You’d better ditch the cheery client emails and work on your scowl if you’d like to get ahead in the workplace and amongst clients, according to a series of new studies.
The research, published by New York University, the University of Chicago and the University of Pennsylvania under the extremely explanatory title, “Bliss is ignorance: How the magnitude of expressed happiness influences perceived naiveté and interpersonal exploitation,” looks at how the expression of extreme happiness influences the way people relate to one another.
While smiley souls are often consider likable, they are also widely considered to be naïve. According to a report by the World Economic Forum on the series of studies’ findings, researchers found test subjects assumed “that very happy people maintained their positive outlook either by not processing information deeply, or by sheltering themselves from negative information in the world.”
Another study found test subjects were more likely to select happy people as negotiation partners because they thought they’d be easier to exploit. There are other studies that have found happy people can be more gullible and susceptible to deception than people in bad moods so the joint study is not entirely shocking. Emotions have also been pointed to as powerful tools in negotiations with happiness sometimes proving detrimental.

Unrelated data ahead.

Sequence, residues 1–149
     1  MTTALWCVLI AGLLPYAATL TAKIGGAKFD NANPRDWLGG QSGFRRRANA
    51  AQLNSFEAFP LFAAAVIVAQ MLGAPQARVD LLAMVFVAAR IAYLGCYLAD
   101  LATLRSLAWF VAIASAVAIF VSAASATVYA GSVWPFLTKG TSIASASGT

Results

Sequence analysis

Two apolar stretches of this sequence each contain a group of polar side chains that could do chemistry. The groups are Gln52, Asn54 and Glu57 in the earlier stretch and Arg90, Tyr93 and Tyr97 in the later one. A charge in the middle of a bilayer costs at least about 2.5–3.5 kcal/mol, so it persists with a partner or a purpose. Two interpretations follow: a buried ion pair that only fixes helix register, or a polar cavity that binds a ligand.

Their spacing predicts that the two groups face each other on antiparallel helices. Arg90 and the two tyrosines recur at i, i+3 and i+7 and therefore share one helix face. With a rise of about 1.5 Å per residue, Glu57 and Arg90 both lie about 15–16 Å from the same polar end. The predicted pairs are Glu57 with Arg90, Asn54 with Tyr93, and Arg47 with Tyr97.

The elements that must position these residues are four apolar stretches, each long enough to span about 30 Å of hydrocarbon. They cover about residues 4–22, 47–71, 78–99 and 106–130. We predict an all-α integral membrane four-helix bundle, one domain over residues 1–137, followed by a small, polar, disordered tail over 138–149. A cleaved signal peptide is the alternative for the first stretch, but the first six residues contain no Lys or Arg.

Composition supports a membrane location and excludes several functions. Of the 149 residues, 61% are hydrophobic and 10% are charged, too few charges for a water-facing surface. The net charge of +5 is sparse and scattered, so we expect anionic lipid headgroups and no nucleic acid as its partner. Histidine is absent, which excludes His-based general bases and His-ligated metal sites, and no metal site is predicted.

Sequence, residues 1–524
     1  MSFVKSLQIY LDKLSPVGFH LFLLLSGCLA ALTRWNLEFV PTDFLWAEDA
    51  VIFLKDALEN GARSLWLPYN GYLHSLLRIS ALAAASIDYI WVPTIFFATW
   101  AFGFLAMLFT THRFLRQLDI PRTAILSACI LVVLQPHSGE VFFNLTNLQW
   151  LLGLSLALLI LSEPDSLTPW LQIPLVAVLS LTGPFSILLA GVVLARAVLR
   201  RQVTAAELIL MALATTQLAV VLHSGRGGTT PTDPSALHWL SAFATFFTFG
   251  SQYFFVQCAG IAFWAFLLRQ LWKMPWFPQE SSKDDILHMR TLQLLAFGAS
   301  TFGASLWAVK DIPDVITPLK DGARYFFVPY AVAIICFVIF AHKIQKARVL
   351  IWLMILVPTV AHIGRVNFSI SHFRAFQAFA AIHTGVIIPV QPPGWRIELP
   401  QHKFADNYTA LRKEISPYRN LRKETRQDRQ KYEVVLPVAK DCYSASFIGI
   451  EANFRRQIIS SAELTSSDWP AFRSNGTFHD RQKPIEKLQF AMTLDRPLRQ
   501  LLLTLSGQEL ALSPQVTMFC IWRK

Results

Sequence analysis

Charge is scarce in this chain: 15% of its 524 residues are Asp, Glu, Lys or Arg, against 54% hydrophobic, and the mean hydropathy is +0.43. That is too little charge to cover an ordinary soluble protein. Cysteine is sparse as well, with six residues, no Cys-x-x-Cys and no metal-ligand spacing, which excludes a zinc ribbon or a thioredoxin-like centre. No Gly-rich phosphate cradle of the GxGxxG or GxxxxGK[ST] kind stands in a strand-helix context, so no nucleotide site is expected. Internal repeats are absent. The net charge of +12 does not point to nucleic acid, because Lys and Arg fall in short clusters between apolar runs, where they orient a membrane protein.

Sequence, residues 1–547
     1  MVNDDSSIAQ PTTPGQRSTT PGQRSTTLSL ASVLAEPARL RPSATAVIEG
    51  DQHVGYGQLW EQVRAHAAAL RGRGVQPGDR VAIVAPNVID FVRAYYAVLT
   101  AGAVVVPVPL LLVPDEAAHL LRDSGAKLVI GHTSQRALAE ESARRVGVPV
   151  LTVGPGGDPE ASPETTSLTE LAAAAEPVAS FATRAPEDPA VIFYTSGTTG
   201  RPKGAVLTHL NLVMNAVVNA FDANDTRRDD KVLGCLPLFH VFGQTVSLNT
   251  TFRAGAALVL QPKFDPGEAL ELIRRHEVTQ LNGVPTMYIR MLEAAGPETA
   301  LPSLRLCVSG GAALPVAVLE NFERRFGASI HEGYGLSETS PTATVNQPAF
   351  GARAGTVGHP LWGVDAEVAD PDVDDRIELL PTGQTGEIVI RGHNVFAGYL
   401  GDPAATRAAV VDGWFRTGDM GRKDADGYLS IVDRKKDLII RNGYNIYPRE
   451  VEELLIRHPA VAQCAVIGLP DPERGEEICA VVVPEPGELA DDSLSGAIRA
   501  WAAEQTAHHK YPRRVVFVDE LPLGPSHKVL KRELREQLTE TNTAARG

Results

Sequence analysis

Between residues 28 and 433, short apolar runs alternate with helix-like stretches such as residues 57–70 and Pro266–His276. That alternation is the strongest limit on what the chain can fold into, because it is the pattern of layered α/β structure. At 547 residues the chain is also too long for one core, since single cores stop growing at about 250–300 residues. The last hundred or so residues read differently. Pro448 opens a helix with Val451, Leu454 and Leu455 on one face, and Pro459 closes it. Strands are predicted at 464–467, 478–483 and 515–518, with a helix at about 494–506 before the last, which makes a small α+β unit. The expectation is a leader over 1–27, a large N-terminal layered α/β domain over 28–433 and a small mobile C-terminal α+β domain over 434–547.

But Dr. Richard Csiernik, an expert on workplace wellness and professor of social work at King’s University College at Western University Canada, says it depends on the context.
“I think perhaps in a setting where you’re doing a business deal… a situation where it’s competitive, absolutely, it may be a disadvantage to be happy-go-lucky and not care if you make the best deal and the best commission,” he says.
Especially in cases where it might be a one-off deal or you’re trying to get ahead. But if success to you is having a good relationship with a client, something you want to foster and grow, happiness, can be an asset.The same, he says, goes for your career.
“It’s all about the perspective of what you want out of your work – is it a job or a career you’re looking to build… those attitudes are important,” he says. “If you’re going to be jumping from place to place and always taking advantage and make more money, absolutely you want to be competitive, you want to be undercutting people, and you want to get ahead.”
But in today’s workplace culture, where the dialogue surrounding work-life balance and boosting employees productivity by creating “happier” work conditions, Csiernik says attitudes surrounding whether or not one should be happy at their job are apt to change.
The days of “showing up just for the paycheque” are over.
“People are turning down overtime to spend time with their kids, they don’t want to work 60 hours anymore,” he says. “Ten years ago we didn’t talk about mental health in the workplace and now (it’s) everywhere we go – so assuming that mental health, suppressing anxiety is bad that must mean we would want more positive mental health, more positivity, we would want more happiness.”